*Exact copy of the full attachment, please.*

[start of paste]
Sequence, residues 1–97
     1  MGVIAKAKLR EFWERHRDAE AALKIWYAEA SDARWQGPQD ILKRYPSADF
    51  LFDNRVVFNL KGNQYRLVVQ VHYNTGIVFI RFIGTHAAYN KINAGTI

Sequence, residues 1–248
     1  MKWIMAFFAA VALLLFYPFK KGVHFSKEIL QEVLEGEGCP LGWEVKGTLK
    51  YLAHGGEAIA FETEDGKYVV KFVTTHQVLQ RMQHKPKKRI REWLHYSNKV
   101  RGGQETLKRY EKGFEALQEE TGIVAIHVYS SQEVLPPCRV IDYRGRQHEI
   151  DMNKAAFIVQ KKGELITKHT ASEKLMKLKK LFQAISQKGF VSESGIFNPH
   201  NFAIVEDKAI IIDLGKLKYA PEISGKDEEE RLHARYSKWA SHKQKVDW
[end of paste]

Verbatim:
Sequence, residues 1–97
     1  MGVIAKAKLR EFWERHRDAE AALKIWYAEA SDARWQGPQD ILKRYPSADF
    51  LFDNRVVFNL KGNQYRLVVQ VHYNTGIVFI RFIGTHAAYN KINAGTI

Sequence, residues 1–248
     1  MKWIMAFFAA VALLLFYPFK KGVHFSKEIL QEVLEGEGCP LGWEVKGTLK
    51  YLAHGGEAIA FETEDGKYVV KFVTTHQVLQ RMQHKPKKRI REWLHYSNKV
   101  RGGQETLKRY EKGFEALQEE TGIVAIHVYS SQEVLPPCRV IDYRGRQHEI
   151  DMNKAAFIVQ KKGELITKHT ASEKLMKLKK LFQAISQKGF VSESGIFNPH
   201  NFAIVEDKAI IIDLGKLKYA PEISGKDEEE RLHARYSKWA SHKQKVDW